pexp_loc = _;
              pexp_attributes = _
            });
         (Nolabel,
           {
             pexp_desc = (Pexp_constant (Pconst_integer ("1", None)));
             pexp_loc = _;
             pexp_attributes = _
           })]));
  pexp_loc = _;
  pexp_attributes = _
}

Using these extensions alone, you can only produce constant/static AST nodes. You can’t bind variables in the generated patterns either. metaquot has a solution for that as well: anti-quotation. You can use anti-quotation to insert any expression or pattern representing an AST node. That way you can include dynamically generated nodes inside a metaquot expression extension point or use a wildcard or variable pattern in a pattern extension.

Consider the following example:

let with_suffix_expr ~loc s =
  let dynamic_node = Ast_builder.Default.estring ~loc s in
  [%expr [%e dynamic_node] ^ "some_fixed_suffix"]

The with_suffix_expr function will create an expression which is the concatenation of the s argument and the fixed suffix. I.e. with_suffix_expr "some_dynamic_stem" is equivalent to [%expr "some_dynamic_steme" ^ "some_fixed_suffix"].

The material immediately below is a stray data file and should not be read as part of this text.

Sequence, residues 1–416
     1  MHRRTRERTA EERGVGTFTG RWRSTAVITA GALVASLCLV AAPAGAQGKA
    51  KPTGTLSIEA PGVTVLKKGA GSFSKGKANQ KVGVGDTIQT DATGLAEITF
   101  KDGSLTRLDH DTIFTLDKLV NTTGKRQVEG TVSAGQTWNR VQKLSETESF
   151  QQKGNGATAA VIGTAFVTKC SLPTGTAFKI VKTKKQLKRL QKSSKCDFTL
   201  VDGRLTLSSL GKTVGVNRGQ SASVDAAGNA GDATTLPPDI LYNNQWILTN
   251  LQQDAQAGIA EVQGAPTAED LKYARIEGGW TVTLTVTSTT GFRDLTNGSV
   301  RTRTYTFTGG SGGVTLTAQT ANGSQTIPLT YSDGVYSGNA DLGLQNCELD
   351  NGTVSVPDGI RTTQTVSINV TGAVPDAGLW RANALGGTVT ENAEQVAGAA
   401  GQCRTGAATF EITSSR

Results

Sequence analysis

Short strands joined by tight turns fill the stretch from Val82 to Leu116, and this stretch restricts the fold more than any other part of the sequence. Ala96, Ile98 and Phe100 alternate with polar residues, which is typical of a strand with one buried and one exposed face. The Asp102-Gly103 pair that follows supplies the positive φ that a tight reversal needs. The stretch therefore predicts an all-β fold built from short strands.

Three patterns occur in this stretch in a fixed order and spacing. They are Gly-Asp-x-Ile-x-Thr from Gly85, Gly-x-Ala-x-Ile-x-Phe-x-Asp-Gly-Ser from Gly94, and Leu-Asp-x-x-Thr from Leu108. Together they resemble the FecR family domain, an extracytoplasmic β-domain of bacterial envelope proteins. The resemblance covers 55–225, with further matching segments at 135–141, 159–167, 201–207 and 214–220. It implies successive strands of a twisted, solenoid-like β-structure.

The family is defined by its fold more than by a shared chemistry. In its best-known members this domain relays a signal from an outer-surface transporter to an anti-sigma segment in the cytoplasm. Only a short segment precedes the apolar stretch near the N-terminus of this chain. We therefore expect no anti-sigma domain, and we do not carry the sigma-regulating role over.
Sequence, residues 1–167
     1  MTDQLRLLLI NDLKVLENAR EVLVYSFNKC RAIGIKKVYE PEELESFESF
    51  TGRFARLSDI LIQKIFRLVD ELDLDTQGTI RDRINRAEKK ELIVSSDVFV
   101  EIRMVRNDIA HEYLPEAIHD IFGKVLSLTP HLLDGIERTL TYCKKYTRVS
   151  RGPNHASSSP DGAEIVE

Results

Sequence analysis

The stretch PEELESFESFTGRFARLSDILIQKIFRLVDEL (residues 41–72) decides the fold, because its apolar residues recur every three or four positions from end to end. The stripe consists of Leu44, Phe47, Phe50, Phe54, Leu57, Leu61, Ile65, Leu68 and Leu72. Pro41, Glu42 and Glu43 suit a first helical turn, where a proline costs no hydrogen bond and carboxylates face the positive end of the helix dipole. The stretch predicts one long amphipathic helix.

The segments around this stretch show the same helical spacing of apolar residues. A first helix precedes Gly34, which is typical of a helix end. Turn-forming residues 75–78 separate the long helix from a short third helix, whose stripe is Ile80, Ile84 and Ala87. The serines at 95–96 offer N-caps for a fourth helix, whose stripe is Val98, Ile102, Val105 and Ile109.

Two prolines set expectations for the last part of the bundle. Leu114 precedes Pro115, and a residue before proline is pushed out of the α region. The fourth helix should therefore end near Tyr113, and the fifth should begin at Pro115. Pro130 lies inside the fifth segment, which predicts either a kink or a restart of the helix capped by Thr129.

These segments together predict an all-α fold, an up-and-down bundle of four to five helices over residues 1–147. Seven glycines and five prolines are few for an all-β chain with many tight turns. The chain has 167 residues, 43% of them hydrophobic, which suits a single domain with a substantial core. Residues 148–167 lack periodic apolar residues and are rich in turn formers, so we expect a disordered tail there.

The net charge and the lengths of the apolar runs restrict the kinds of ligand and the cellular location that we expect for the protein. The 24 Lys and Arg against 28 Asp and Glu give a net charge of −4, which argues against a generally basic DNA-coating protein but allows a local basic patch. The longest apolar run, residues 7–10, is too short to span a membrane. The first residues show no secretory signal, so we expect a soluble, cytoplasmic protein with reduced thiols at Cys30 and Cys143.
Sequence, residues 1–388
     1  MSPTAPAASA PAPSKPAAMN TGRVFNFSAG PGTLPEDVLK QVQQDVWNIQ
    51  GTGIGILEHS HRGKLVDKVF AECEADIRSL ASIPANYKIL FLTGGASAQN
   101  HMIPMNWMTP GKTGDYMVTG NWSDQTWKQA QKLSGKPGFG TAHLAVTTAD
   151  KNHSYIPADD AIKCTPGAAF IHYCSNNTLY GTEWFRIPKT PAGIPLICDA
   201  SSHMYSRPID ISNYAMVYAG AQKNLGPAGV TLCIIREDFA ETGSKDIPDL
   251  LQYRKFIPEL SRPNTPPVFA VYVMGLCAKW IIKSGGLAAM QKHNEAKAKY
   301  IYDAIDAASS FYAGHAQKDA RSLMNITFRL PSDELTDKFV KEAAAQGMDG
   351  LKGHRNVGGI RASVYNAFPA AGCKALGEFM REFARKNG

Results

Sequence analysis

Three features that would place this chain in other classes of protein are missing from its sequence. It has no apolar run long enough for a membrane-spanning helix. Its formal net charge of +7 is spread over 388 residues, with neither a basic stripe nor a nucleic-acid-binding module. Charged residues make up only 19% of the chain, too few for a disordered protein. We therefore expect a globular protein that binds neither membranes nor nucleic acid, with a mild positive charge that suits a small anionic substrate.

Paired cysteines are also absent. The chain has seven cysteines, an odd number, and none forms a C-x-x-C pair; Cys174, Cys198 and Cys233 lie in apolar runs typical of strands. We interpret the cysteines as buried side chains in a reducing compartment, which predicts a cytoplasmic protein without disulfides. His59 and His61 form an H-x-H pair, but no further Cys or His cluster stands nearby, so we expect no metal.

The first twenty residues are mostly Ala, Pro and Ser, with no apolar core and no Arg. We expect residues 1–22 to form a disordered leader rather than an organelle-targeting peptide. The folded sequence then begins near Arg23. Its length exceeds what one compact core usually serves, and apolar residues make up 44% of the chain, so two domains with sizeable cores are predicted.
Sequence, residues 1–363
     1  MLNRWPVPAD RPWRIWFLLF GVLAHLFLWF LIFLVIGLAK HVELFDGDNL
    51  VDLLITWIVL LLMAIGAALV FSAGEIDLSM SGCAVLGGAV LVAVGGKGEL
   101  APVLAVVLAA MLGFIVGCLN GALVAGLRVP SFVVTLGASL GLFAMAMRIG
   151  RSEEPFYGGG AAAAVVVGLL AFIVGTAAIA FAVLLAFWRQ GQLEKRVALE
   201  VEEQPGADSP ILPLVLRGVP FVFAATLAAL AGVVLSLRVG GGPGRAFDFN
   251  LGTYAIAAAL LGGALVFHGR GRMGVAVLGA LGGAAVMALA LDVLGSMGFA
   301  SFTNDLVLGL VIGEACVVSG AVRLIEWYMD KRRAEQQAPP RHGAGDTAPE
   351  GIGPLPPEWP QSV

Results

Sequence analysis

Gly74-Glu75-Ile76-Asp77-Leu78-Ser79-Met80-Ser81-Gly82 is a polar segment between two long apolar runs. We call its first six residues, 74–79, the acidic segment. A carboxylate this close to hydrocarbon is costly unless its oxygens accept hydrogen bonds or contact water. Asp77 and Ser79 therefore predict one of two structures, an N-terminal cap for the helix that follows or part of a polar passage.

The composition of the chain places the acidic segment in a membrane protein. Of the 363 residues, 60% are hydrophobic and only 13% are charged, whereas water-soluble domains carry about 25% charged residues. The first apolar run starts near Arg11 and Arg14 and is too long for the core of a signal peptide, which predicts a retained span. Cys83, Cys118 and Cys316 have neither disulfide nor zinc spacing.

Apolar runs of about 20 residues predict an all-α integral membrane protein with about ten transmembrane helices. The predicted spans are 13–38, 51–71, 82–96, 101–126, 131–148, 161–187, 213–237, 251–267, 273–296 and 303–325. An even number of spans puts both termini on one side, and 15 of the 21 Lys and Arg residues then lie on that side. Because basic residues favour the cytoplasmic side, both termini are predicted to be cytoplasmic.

Similarly if you want to ignore some parts of AST nodes and extract some others when pattern-matching over them, you can use anti-quotation:

match some_expr_node with
| [%expr 1 + [%e? _] + [%e? third]] -> do_something_with third

The syntax for anti-quotation depends on the type of the node you wish to insert:

  • e to anti-quote values of type Parsetree.expression: [%expr 1 + [%e some_expr_node]]
  • p to anti-quote values of type Parsetree.pattern: [%pat? (1, [%p some_pat_node]]
  • t to anti-quote values of type Parsetree.core_type: [%type: int -> [%t some_core_type_node]]
  • m to anti-quote values of type Parsetree.module_expr or module_type: [%expr let module M = [%m some_module_expr_node]] or [%sigi: module M : [%m some_module_type_node]]
  • i to anti-quote values of type Parsetree.structure_item or signature_item: [%str let a = 1 [%%i some_structure_item_node]] or [%sig: val a : int [%%i some_signature_item_node]]

Note that when anti-quoting in a pattern context you must always use the ? in the anti-quotation extension as its payload should always be a pattern the same way it must always be an expression in an expression context.

As you may have noticed, you can anti-quote expressions which type differs from the type of the whole metaquot extension point. E.g. you can write:

let structure_item =
  [%stri let [%p some_pat] : [%t some_type] = [%e some_expr]]